Multisegment and halfscan reconstruction of 16-slice computed tomography for assessment of regional and global left ventricular myocardial function.
ABSTRACT We sought to prospectively compare multisegment and halfscan reconstruction of 16-slice computed tomography (CT) for the assessment of regional and global left ventricular myocardial function with magnetic resonance imaging (MRI) as the reference standard.
Forty-two patients underwent CT with 16 x 0.5-mm detector collimation. Electrocardiogram-gated reconstructions were generated with multisegment reconstruction (using up to 4 segments correlated with the raw data of up to 4 heartbeats) and standard halfscan reconstruction. Steady-state free-precession cine MRI was acquired within 24 hours.
More normal myocardial segments were identified correctly with multisegment (95%, 620/656) compared with halfscan reconstruction (88%, 582/656) of CT (P < 0.001). Also, the accuracy (92% [657/714] vs. 87% [620/714]) and rate of nondiagnostic segments (0% vs. 5% [33/714]) were significantly better when using multisegment reconstruction (P < 0.001). The image quality with multisegment reconstruction was significantly superior to that achieved with halfscan reconstruction (P < 0.001). In the assessment of global left ventricular function, multisegment and halfscan reconstruction of CT showed high correlations for all parameters with MRI, whereas Bland-Altman analysis revealed smaller limits of agreement for assessment of myocardial mass with multisegment reconstruction (P = 0.025), but no significant differences between both reconstruction techniques in the measurement of left ventricular volumes as compared with MRI.
Multisegment reconstruction of 16-detector row CT improves image quality and assessment of regional wall motion compared with standard halfscan reconstruction.
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ABSTRACT: OBJECTIVE: To evaluate the effect of a temporal resolution improvement method (TRIM) for cardiac CT on diagnostic image quality for coronary artery assessment. MATERIALS AND METHODS: The TRIM-algorithm employs an iterative approach to reconstruct images from less than 180° of projections and uses a histogram constraint to prevent the occurrence of limited-angle artifacts. This algorithm was applied in 11 obese patients (7 men, 67.2±9.8 years) who had undergone second generation dual-source cardiac CT with 120kV, 175-426mAs, and 500ms gantry rotation. All data were reconstructed with a temporal resolution of 250ms using traditional filtered-back projection (FBP) and of 200ms using the TRIM-algorithm. Contrast attenuation and contrast-to-noise-ratio (CNR) were measured in the ascending aorta. The presence and severity of coronary motion artifacts was rated on a 4-point Likert scale. RESULTS: All scans were considered of diagnostic quality. Mean BMI was 36±3.6kg/m(2). Average heart rate was 60±9bpm. Mean effective dose was 13.5±4.6mSv. When comparing FBP- and TRIM reconstructed series, the attenuation within the ascending aorta (392±70.7 vs. 396.8±70.1HU, p>0.05) and CNR (13.2±3.2 vs. 11.7±3.1, p>0.05) were not significantly different. A total of 110 coronary segments were evaluated. All studies were deemed diagnostic; however, there was a significant (p<0.05) difference in the severity score distribution of coronary motion artifacts between FBP (median=2.5) and TRIM (median=2.0) reconstructions. CONCLUSION: The algorithm evaluated here delivers diagnostic imaging quality of the coronary arteries despite 500ms gantry rotation. Possible applications include improvement of cardiac imaging on slower gantry rotation systems or mitigation of the trade-off between temporal resolution and CNR in obese patients.European journal of radiology 11/2012; · 2.65 Impact Factor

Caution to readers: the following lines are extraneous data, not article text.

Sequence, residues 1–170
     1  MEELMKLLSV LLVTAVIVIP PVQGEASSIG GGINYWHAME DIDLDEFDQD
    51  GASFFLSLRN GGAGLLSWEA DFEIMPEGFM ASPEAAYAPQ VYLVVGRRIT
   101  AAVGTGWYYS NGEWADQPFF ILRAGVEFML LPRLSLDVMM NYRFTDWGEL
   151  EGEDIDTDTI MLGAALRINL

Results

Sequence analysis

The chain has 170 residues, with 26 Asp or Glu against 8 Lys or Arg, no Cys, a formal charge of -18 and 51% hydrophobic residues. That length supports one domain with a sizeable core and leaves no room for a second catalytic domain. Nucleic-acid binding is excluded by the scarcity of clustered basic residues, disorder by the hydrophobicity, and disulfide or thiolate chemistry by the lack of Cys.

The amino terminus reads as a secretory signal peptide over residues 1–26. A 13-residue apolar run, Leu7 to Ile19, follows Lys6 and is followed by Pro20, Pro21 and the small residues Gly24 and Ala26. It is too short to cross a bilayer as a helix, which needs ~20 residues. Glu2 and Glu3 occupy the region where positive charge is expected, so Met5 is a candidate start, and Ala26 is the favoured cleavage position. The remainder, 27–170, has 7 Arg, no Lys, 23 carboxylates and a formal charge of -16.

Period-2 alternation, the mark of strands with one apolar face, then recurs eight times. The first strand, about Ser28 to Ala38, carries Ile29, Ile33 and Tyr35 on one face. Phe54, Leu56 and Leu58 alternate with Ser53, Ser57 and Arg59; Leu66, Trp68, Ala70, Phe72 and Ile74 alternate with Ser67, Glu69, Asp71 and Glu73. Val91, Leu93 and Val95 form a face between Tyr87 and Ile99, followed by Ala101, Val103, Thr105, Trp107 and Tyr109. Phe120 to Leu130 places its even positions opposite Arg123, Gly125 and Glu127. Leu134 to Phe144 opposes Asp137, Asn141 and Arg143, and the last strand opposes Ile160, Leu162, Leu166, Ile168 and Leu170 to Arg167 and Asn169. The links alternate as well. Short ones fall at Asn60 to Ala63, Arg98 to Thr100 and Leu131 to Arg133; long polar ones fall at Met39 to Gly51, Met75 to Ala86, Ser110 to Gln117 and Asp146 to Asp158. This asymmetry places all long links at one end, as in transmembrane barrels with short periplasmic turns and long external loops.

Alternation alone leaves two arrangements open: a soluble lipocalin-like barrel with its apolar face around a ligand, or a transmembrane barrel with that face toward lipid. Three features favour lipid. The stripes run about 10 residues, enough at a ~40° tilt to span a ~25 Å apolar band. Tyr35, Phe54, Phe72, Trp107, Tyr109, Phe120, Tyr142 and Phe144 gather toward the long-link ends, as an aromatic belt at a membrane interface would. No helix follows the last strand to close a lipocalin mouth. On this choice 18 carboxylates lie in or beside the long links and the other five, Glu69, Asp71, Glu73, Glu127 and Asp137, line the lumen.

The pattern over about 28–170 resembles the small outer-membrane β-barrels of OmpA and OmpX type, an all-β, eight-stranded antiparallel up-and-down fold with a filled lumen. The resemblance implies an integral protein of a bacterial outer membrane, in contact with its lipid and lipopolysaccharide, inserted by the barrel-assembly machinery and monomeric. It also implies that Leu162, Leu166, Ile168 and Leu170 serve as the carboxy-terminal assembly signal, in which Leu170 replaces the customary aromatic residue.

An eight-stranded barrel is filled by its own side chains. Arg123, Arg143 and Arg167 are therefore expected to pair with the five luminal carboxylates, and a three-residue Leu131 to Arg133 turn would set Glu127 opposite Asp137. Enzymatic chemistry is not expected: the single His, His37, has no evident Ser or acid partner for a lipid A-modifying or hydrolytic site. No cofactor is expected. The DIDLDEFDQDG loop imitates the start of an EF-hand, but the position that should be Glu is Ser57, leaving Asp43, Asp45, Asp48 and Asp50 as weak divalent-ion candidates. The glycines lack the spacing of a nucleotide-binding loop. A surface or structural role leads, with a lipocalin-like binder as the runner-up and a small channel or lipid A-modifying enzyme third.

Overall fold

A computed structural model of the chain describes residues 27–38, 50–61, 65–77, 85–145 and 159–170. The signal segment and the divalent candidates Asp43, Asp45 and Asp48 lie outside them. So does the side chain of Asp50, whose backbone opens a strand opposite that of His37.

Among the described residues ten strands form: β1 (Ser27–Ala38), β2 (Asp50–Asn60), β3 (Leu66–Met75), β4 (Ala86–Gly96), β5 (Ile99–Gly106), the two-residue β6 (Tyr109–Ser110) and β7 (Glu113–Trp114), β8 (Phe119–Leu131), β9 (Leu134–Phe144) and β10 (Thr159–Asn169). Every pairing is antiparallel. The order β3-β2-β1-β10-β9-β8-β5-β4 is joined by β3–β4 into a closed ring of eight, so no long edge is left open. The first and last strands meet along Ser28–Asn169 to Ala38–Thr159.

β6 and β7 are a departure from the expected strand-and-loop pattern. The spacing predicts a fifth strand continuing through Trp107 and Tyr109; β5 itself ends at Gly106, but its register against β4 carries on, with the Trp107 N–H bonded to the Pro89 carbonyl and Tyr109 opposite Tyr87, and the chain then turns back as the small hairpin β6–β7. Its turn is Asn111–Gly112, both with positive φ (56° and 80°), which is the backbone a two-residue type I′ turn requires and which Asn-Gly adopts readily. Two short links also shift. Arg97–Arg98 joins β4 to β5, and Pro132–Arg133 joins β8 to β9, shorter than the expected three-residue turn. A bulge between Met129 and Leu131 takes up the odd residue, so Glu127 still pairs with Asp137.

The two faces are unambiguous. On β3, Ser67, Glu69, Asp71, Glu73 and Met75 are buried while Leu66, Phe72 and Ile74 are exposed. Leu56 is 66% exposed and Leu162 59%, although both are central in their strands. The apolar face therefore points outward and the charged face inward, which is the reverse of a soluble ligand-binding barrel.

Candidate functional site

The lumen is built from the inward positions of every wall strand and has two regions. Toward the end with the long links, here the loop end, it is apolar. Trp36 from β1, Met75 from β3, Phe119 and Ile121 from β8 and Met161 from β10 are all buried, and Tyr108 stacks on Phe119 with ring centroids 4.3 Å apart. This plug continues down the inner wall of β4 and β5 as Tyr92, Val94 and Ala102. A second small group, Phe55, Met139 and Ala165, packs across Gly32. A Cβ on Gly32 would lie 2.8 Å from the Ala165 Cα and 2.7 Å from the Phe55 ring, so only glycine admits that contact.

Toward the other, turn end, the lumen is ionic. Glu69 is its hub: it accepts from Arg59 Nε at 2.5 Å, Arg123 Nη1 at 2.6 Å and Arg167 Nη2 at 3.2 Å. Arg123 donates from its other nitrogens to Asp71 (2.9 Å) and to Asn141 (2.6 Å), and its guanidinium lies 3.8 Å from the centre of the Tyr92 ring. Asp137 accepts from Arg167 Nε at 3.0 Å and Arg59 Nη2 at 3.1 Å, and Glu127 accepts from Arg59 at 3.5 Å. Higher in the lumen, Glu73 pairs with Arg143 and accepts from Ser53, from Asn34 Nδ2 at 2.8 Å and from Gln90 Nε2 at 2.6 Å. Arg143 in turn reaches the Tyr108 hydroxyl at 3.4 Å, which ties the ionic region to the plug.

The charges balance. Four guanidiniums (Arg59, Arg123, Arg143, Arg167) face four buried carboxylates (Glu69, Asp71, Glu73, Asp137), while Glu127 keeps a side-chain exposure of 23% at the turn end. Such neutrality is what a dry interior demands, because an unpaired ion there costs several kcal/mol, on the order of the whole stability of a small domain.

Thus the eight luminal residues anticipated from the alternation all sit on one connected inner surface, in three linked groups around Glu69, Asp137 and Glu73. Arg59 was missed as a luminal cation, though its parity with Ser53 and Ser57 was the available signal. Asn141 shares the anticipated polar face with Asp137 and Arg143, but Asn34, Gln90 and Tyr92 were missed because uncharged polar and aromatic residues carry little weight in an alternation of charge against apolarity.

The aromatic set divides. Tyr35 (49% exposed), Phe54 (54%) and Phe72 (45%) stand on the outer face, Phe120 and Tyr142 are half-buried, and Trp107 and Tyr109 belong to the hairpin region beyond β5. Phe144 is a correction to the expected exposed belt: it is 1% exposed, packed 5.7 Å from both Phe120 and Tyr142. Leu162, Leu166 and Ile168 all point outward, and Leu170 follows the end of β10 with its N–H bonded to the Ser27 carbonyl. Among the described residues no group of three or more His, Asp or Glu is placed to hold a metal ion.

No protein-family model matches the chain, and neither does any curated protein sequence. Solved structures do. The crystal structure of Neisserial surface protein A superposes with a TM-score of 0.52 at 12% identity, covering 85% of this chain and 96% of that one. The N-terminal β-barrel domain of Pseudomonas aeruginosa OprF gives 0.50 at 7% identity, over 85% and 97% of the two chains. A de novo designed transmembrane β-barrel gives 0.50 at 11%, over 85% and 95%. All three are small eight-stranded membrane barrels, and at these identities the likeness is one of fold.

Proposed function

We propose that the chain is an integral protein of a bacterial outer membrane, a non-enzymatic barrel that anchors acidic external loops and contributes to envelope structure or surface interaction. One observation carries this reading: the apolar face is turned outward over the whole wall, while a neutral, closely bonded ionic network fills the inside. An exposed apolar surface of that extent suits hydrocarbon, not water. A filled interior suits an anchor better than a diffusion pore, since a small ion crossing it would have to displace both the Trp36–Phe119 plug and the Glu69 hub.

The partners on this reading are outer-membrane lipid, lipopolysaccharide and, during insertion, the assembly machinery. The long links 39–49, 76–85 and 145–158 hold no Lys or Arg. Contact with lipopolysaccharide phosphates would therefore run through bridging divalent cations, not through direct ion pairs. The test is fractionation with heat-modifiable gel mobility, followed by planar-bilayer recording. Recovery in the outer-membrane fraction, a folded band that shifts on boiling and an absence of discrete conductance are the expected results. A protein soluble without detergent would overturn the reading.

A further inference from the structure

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ABSTRACT: This study was designed to compare the accuracy of 64-row contrast computed tomography (CT), invasive cineventriculography (CVG), 2-dimensional echocardiography (2D Echo), and 3-dimensional echocardiography (3D Echo) for left ventricular (LV) function assessment with magnetic resonance imaging (MRI). Cardiac function is an important determinant of therapy and is a major predictor for long-term survival in patients with coronary artery disease. A number of methods are available for assessment of function, but there are limited data on the comparison between these multiple methods in the same patients. A total of 36 patients prospectively underwent 64-row CT, CVG, 2D Echo, 3D Echo, and MRI (as the reference standard). Global and regional LV wall motion and ejection fraction (EF) were measured. In addition, assessment of interobserver agreement was performed. For the global EF, Bland-Altman analysis showed significantly higher agreement between CT and MRI (p < 0.005, 95% confidence interval: ±14.2%) than for CVG (±20.2%) and 3D Echo (±21.2%). Only CVG (59.5 ± 13.9%, p = 0.03) significantly overestimated EF in comparison with MRI (55.6 ± 16.0%). CT showed significantly better agreement for stroke volume than 2D Echo, 3D Echo, and CVG. In comparison with MRI, CVG-but not CT-significantly overestimated the end-diastolic volume (p < 0.001), whereas 2D Echo and 3D Echo significantly underestimated the EDV (p < 0.05). There was no significant difference in diagnostic accuracy (range: 76% to 88%) for regional LV function assessment between the 4 methods when compared with MRI. Interobserver agreement for EF showed high intraclass correlation for 64-row CT, MRI, 2D Echo, and 3D Echo (intraclass correlation coefficient >0.8), whereas agreement was lower for CVG (intraclass correlation coefficient = 0.58). 64-row CT may be more accurate than CVG, 2D Echo, and 3D Echo in comparison with MRI as the reference standard for assessment of global LV function.Journal of the American College of Cardiology 05/2012; 59(21):1897-907. · 14.09 Impact Factor